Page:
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Identifying the ‘incredible’! Part 1: assessing the risk of bias in outcomes included in systematic reviews
  1. Fionn Büttner1,
  2. Marinus Winters2,
  3. Eamonn Delahunt1,3,
  4. Roy Elbers4,
  5. Carolina B Lura2,
  6. Karim M Khan5,
  7. Adam Weir6,7,8,
  8. Clare L Ardern9,10,11
  1. 1 School of Public Health, Physiotherapy and Sports Science, University College Dublin, Dublin, Ireland
  2. 2 Center for General Practice at Aalborg University, Aalborg, Denmark
  3. 3 Institute for Sport & Health, University College Dublin, Dublin, Ireland
  4. 4 Population Health Sciences, Bristol Medical School, University of Bristol, Bristol, UK
  5. 5 Department of Family Practice, The University of British Columbia, Vancouver, British Columbia, Canada
  6. 6 Sports Groin Pain Centre, Aspetar Orthopaedic and Sports Medicine Hospital, Doha, Qatar
  7. 7 Department of Orthopaedics, Erasmus MC University Medical Center for Groin Injuries, Rotterdam, The Netherlands
  8. 8 Sport Medicine and Exercise Clinic Haarlem (SBK), Haarlem, The Netherlands
  9. 9 Sport and Exercise Medicine Research Centre, La Trobe University, Bundoora, Victoria, Australia
  10. 10 Department of Medicine and Health Sciences, Division of Physiotherapy, Linköping University, Linköping, Sweden
  11. 11 Division of Physiotherapy, Karolinska Institute, Stockholm, Sweden
  1. Correspondence to Fionn Büttner, School of Public Health, Physiotherapy and Sports Science, University College Dublin, Dublin 4, Ireland; fionn.cleirigh-buttner{at}

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Systematic reviews fulfil a vital role in modern medicine.1 However, the results of systematic reviews are only as valid as the studies they include.2 Pooling flawed, or biased, results from different studies can compromise the credibility of systematic review findings. Bias is a systematic deviation from the truth in the results of a research study that can manifest due to limitations in study design, conduct, or analysis.3

The results of sport and exercise medicine research, like results in other fields, are vulnerable to bias.4 It is important that systematic review authors assess for bias in a way that enables a judgement about whether a review outcome is at risk of bias due to methodological limitations in included studies. This two-part education primer focuses on how systematic review authors can perform and interpret risk of bias assessments to avoid misleading systematic review conclusions. In this editorial, we introduce the concept of risk of bias, and the principles of assessing risk of bias.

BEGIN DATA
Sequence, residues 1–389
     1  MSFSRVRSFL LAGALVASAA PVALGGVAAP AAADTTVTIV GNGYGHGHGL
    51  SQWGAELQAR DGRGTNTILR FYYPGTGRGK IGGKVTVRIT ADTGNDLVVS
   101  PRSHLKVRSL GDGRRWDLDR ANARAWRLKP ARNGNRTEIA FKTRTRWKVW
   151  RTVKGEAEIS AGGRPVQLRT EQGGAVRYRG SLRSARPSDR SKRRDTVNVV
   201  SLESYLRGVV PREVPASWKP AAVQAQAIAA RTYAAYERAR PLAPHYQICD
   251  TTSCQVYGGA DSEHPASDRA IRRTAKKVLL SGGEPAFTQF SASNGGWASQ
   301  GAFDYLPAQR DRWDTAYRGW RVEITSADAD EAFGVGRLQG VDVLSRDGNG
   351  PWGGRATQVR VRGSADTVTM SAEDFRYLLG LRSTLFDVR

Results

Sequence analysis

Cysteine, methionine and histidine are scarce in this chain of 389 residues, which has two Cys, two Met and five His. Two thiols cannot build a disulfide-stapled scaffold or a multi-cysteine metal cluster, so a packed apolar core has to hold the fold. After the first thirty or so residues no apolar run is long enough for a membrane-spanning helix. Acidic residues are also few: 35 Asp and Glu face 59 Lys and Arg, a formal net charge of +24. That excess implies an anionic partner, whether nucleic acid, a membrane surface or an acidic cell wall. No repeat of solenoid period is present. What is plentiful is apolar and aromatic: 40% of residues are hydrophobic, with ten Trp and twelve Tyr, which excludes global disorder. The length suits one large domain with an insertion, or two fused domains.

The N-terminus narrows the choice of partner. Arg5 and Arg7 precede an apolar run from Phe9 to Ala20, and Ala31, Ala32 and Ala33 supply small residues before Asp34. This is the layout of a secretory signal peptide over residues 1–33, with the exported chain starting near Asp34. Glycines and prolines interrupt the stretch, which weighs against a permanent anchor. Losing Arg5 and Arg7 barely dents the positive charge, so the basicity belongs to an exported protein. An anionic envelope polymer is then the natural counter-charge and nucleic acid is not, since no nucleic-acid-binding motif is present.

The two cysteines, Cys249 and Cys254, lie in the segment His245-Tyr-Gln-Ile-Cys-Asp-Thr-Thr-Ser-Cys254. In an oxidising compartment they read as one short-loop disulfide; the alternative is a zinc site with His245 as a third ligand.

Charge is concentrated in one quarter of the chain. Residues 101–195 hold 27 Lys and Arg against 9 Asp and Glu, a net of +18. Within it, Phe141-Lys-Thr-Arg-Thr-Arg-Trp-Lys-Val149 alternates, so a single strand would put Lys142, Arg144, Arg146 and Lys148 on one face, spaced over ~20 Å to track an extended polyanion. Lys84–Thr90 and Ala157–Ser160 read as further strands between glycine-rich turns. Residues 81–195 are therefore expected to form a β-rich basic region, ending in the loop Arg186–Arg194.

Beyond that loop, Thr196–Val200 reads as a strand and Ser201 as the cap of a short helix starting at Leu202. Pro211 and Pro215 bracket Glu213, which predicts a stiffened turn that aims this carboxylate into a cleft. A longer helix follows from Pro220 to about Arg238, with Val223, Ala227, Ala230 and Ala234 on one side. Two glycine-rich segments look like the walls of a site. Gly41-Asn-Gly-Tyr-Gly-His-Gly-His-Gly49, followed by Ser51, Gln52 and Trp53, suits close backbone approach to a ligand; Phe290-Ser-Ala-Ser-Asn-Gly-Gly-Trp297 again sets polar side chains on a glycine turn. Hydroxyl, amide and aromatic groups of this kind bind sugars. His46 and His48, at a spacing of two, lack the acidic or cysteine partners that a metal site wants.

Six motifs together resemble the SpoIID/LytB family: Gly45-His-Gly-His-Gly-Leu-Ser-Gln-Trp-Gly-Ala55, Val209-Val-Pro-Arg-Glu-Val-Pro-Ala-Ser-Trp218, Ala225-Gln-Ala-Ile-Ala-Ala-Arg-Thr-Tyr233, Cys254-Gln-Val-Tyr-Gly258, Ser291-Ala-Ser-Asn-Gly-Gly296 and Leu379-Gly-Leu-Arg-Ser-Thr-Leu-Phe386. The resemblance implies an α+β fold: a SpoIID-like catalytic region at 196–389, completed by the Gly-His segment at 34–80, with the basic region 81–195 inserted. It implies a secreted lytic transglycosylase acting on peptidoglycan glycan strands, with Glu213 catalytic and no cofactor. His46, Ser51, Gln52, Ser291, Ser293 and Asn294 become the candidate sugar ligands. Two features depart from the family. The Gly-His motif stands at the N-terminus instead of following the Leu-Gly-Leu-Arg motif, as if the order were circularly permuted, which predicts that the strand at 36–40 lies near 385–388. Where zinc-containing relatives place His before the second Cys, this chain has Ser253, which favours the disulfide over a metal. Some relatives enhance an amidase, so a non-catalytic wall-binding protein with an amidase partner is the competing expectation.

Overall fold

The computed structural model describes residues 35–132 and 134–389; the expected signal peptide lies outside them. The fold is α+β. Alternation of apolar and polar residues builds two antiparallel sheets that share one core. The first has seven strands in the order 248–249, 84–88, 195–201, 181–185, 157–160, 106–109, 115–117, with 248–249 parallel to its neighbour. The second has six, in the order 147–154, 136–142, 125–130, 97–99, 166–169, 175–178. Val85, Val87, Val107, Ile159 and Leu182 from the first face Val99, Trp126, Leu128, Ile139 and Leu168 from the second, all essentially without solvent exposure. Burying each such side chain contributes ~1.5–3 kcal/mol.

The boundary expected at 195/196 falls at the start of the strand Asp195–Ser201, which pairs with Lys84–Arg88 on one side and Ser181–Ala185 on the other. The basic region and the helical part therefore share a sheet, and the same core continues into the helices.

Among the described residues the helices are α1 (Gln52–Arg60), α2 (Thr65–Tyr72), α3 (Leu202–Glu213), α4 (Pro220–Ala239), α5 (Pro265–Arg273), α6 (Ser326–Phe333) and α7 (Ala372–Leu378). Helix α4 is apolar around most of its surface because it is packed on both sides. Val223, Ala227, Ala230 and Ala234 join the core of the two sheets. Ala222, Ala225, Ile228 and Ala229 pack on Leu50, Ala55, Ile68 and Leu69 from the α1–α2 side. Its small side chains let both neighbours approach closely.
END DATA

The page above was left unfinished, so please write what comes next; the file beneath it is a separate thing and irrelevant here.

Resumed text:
Bias: the basics

Different biases have effects that vary in direction and magnitude.3 5 It is challenging to precisely determine how bias may overestimate or underestimate a study’s true findings. In fact, bias does not always result in distorted study findings and one can never be certain that bias is present when a study has methodological limitations. However, methodological limitations in study design, conduct, or analysis can be consistently associated with inflated research findings.5 Due to this uncertainty, study outcomes are considered to be at risk of bias rather than ‘biased’.

Studies with ‘some concerns’ or at ‘high’ risk of bias in design, conduct, analysis, or reporting are at greater risk of inflated findings compared with studies at ‘low’ risk of bias, negatively affecting the probability that study findings accurately reflect reality.5 6 Assessing the risk of bias of study outcomes that are included in a systematic review allows readers to interpret the credibility of review findings.

Do not confuse risk of bias with study quality

Risk of bias is a clearly defined term and refers to the perceived risk that the results of a research study deviate from the truth.3 Unfortunately, risk of bias is often conflated with study quality, despite being distinct constructs (table 1).

Table 1

Key terms relating to risk of bias and critical appraisal

Study quality is a vague and multidimensional term that loosely indicates how closely a research study is conducted to the highest possible methodological standards.3 Quality refers to several areas of study methodology, with each area having different implications for how one should interpret a study’s methodological rigor (table 1).7 A risk of bias assessment should not be replaced by an assessment of study quality.8 When critically appraising a research study, assessors should prioritise how closely a study’s findings may approximate the truth (ie, risk of bias) over how well the study was conducted given the capabilities of the study investigators (ie, quality) (table 1).

Use domain-based risk of bias assessment tools instead of quality scales and checklists

A plethora of assessment tools are available to critically appraise a research study.9 However, not all of these tools are appropriate to assess risk of bias. This can confuse researchers about which tool is the most suitable tool to use. Broadly, three types of tools exist to assist researchers and readers in critically appraising a study: (1) quality scales, (2) quality checklists, and (3) domain-based risk of bias tools.3 We explain why domain-based risk of bias tools are preferred over quality scales and checklists when assessing risk of bias.